Feb 6, 2015

[Movies] Finding Nemo (2003)

Pixar movies are generally well-loved and I thought it might be fun to fill in the gaps in my review record by finally going back over the big stuff. If I happen to have a review for Cars then I should get to the better stuff, right? And so this is the first movie that I really want to dive into in terms of my backlog.

Finding Nemo was a unique movie event that certainly helped demonstrate the unique brand of storytelling that we've come to expect from the guys at Pixar. The movie remains to be an amazing balance of the sort of emotional tale that pulls at your heartstrings but it also has a lot of great humor that's appropriate for all ages.

Given the more recent news of an upcoming sequel, Finding Dory, that is set for release in June 2016. And as much as I'd love for Pixar to focus on more original stories and essentially creating new movie franchises, this is definitely one Pixar property that I'm rather glad that they're going back to. I'm scared about what is left for them to explore given how solid the original movie remains to be.

Synopsis: Finding Nemo is a 2003 CGI animated film co-written and directed by Andrew Stanton together with co-screenwriters Bob Peterson and David Reynolds. The movie won the Academy Award and the Saturn Award for Best Animated Film among many other awards and citations.

We are introduced to a family of clownfish, Marlin (Albert Brooks) and Coral (Elizabeth Perkins) as they watch over the clutch of eggs. However a barracuda attack results in the loss of Coral and all but one of the eggs. Marlin is traumatized and decides to devote all of his attention to raising the egg and keeping the egg safe. The egg results in Marlin's only son Nemo (Alexander Gould), who has a smaller right fin that hampers his ability to swim efficiently.

Thus the father and son pair grow up together, although Marlin has become significantly overprotective of Nemo and forbids him from risking just about anything. But now that he's old enough to go to school with other fish, Marlin is particularly nervous. And during that first field trip with the other fish, Nemo manages to get captured by a human diver and thus is taken away. Marlin desperately attempts to find him and his only aid in this search is the unlikely companion Dory (Ellen DeGeneres), who also happens to experience short term memory loss on a regular basis.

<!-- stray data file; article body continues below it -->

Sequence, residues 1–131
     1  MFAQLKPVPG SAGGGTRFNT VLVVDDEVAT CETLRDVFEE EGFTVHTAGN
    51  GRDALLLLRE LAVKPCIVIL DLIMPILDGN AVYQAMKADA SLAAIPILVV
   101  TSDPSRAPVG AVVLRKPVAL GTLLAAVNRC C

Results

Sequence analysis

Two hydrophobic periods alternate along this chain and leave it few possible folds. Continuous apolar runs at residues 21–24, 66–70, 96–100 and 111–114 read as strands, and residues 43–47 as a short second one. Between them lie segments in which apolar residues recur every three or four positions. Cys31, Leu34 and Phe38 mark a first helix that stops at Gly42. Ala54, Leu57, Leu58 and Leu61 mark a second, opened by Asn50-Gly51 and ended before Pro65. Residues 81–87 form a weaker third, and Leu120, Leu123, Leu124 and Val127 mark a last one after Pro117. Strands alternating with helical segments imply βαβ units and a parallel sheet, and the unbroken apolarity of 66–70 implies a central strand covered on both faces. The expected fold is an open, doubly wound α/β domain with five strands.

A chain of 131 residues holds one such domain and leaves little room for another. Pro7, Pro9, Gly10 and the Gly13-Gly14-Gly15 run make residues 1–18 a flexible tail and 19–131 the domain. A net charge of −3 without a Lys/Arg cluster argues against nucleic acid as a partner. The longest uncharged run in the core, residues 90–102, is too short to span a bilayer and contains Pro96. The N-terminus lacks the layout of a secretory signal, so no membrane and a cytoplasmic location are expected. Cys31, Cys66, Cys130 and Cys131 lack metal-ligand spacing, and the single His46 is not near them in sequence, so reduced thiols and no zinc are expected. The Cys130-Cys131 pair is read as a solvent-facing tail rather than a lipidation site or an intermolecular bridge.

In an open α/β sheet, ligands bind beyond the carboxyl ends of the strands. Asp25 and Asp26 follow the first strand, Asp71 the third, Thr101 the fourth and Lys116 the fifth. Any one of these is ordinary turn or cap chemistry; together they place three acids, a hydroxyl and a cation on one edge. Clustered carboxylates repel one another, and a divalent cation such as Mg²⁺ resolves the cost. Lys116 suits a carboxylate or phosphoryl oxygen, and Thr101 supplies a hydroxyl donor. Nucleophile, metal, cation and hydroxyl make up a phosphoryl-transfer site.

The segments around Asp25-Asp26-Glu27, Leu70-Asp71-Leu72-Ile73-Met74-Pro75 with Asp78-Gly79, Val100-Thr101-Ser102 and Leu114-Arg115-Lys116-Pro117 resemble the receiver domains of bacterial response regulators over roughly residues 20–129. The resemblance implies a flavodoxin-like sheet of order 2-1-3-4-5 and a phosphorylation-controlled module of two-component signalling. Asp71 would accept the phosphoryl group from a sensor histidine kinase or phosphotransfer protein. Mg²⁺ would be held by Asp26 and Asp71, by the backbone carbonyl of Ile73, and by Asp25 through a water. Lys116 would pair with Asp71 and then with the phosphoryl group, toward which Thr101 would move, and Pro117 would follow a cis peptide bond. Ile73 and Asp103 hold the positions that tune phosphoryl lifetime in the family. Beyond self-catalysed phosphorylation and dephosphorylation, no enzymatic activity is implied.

The core story at this show is just endearing - the lengths that father will go to save his son. And that seems like an old concept that many other stories might have followed as well, but this movie really made sure to distill the key components of this sort of tale in order to elevate it to a different level of art. 

Like many other Pixar movies, a lot of its success relies on the quality of the characters involved, and this movie has some amazingly memorable character. Whether you're drawn to Marlin's jitteryness, Dory's innocent forgetfulness, or just how adorably scary Bruce the Shark (Barry Humphries) is. So many strong characters each with their moments to shine in this movie. And you don't always see that across movies, especially for animated ones. But Pixar has never really cut corners just because people used to think that cartoons are only for kids.

And then you just take a step back and admire how beautiful the movie is from a visual perspective as well. Seriously, this is a movie set in the very depths of the ocean, a part of the planet that we certainly don't see enough. And the Pixar animators brought this world to life with vibrant colors and amazingly accurate movement. Even when the fish are doing "unnatural" things like form into shapes in order to communicate directions, you can totally appreciate how their movements still felt bound within the confines of reality. And there's something almost hypnotic by the shimmer and shine you see as the fish move about.

And we can't get over the humor of the movie. Sure, people like Ellen DeGeneres are already comedians by profession, but it takes a careful combination of good writing and excellent acting to really deliver those punchlines in a brilliant manner. And Dory isn't necessarily floating around telling jokes - she's mostly oblivious to the inappropriateness of her statements at times and that's where her humor lies. And this movie really presents the Pixar brand of humor in a truly brilliant manner.

There's not much else I can say about the movie that hasn't already been said before. Finding Nemo is just one of those now-classic movies that brilliantly appeals to audiences of all ages and has a good story to tell. Thus the movie obviously gets 5 awesome turtles enjoying the East Australian Current out of a possible 5.



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